Well, SpaceX definitely has the advantage of a serious head start. However, it really depends on what you mean by "private space race." If you are talking about commercial space tourism, one could make the argument that Blue Origin has focused pretty much exclusively on that target, while SpaceX has focused on building and launching advanced rocket technology. Now, if SpaceX is successful with its crewed capsule that is in the works for NASA, they will have demonstrated that they can launch people, which will lead to space tourism sponsored by Elon Musk. However, remember that Boeing is doing the same thing for NASA. True, Blue Origin really has not done anything but launch (and land) rockets, but I would not be surprised if Bezos got a commercial space tourism contract before Musk.
Paul B. Huter replied:
Great question! I actually did some work at NASA-JPL to see how Martian (Mars) missions could leverage off of Lunar (moon) missions because there are some synergies between the two. However, the differences between the moon and Mars are such that they are not exactly the same when it comes to colonizing and terraforming. First, let us take a look at the differences for terraforming:
Terraforming generally involves the process of converting a planet (or other body) to be more like Earth, in an attempt to make it more habitible for life originating on Earth (not just humans, since humans need other plants and animals to survive). For a place like Mars, the terrraforming process would involve raising the surface temperature to a more balmy climate. There are several ways to do this, none of which really need to be discusses or debated for the purposes of this article. Now, here is a really cool thing: Mars' atmosphere is mostly carbon dioxide. Now, it is at a really low pressure, but if you raise that pressure and maintain the concentration of carbon dioxide, the planet will begin to warm and you can start doing things with plants. Plants consume carbon dioxide and put off oxygen. This is basically the process that happened on Earth eons ago, with the plants converting the mostly CO2 atmosphere to something more akin to what we have today. So, if you raise the pressure of the CO2 atmosphere on Mars, it will raise the temperature (think "global warming"), and subsequently allow for the use of plants to create an oxygen-rich atmosphere for other life. Basically, you end up with a pretty simple terraforming plan.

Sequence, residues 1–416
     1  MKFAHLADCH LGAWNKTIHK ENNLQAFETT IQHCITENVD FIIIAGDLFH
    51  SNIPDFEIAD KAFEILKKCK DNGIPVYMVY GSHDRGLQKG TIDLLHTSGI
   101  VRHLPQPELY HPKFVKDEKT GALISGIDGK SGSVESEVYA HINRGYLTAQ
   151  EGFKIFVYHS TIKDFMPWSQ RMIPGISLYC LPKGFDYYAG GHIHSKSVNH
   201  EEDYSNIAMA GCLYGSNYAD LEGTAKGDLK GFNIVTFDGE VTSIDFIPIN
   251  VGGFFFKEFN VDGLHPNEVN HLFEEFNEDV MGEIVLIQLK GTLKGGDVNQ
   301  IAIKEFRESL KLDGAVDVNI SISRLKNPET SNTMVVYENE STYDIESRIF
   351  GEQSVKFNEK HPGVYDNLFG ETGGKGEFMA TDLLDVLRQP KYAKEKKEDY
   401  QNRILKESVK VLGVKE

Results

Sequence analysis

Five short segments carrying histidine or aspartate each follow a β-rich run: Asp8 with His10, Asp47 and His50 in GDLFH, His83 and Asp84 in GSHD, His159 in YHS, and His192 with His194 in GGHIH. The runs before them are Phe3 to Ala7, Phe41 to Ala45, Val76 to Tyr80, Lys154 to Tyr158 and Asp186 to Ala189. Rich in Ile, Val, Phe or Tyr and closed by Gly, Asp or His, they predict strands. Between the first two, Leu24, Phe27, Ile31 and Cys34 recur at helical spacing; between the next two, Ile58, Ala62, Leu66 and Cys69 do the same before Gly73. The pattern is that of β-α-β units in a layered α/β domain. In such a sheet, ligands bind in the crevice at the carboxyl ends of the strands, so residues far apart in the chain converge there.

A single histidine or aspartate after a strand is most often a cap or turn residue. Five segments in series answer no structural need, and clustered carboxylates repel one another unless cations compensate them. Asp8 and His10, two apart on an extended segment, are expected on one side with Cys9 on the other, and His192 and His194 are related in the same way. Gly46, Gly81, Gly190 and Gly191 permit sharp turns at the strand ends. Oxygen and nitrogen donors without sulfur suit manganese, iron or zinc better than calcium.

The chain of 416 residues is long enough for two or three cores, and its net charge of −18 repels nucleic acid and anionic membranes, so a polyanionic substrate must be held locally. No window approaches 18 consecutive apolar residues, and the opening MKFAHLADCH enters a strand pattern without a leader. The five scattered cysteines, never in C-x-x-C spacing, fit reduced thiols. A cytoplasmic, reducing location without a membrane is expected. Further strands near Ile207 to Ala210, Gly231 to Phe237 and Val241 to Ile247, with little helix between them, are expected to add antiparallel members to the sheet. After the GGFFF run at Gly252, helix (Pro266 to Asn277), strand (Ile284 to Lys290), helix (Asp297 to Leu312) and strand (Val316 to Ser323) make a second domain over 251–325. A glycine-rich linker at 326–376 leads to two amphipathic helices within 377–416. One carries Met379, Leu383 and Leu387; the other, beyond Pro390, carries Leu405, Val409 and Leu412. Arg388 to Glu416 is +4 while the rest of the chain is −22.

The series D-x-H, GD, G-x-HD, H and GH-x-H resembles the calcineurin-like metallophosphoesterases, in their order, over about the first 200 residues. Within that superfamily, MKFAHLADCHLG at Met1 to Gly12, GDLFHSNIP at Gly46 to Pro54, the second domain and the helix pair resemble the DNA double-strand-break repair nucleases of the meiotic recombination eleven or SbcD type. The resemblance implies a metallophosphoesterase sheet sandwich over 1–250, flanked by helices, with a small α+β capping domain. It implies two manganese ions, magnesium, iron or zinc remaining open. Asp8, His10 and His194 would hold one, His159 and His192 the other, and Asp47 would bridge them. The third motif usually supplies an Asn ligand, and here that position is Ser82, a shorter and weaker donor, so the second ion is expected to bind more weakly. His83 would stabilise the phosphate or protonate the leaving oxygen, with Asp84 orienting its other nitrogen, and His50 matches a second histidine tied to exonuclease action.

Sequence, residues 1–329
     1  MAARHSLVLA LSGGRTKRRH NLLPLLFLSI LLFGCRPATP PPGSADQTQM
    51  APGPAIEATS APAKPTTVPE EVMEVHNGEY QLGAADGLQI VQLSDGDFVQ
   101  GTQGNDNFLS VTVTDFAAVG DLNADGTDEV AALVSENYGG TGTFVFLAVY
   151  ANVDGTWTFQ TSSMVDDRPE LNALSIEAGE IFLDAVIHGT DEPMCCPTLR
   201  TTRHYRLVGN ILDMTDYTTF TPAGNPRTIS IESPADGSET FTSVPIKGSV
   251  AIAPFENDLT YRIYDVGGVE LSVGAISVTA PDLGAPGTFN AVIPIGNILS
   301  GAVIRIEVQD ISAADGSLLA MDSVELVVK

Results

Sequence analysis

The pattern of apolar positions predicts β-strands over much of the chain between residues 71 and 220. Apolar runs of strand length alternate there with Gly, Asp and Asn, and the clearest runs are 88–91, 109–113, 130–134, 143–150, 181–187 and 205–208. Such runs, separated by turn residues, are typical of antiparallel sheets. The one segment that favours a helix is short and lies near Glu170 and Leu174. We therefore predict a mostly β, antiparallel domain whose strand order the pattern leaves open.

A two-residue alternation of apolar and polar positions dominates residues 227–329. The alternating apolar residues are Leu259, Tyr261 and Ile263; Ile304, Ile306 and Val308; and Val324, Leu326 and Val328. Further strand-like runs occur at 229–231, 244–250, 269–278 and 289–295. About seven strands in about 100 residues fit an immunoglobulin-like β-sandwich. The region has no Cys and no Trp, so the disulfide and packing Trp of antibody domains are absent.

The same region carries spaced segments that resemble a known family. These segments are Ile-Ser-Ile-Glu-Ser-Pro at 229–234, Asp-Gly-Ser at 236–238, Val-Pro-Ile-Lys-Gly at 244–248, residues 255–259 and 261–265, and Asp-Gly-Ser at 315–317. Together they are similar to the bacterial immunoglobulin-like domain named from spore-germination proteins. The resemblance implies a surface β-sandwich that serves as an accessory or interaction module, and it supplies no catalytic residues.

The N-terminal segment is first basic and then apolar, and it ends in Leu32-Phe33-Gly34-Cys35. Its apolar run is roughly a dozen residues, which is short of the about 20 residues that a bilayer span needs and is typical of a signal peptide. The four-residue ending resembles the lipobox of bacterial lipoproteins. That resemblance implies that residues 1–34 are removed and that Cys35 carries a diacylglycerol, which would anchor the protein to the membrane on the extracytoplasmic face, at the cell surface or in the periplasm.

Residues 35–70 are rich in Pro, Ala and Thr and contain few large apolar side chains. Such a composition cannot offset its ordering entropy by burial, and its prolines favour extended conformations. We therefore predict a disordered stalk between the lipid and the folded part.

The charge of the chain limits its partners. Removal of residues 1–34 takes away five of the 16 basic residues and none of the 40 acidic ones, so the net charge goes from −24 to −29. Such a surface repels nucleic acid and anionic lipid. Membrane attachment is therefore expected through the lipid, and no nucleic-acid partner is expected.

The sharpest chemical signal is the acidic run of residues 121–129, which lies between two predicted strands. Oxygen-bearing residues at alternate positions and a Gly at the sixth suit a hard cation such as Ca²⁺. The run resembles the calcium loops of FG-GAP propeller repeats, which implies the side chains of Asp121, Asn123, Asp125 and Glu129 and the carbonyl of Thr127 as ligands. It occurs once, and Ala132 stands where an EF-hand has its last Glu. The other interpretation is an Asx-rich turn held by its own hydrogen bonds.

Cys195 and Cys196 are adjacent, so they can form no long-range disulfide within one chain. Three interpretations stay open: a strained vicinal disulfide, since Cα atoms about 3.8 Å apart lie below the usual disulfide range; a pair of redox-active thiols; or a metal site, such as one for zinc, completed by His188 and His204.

Compare this to the moon, though. The moon has no atmosphere, carbon dioxide or otherwise. So, if you wanted to terraform the moon, you would need to build an atmosphere. This is not an easy process at all, pretty much impossible.
It will be much easier to terraform Mars, making it into a place where life from Earth can take up refuge and continue on.
Now, colonization. The moon, in this case, will be far easier to colonize. It is quite a bit closer than Mars, which has a number of positive factors for colonization. The closeness to Earth means that you can colonize the moon pretty quickly, without having to deal with long travel and signal delays. And, once the colony is up and running, there is only about second of latency for communication with Earth. Compare this to almost 45-seconds of latency at times for Mars. Just being closer means that communication between the Earth and its moon will be much simpler for a colony.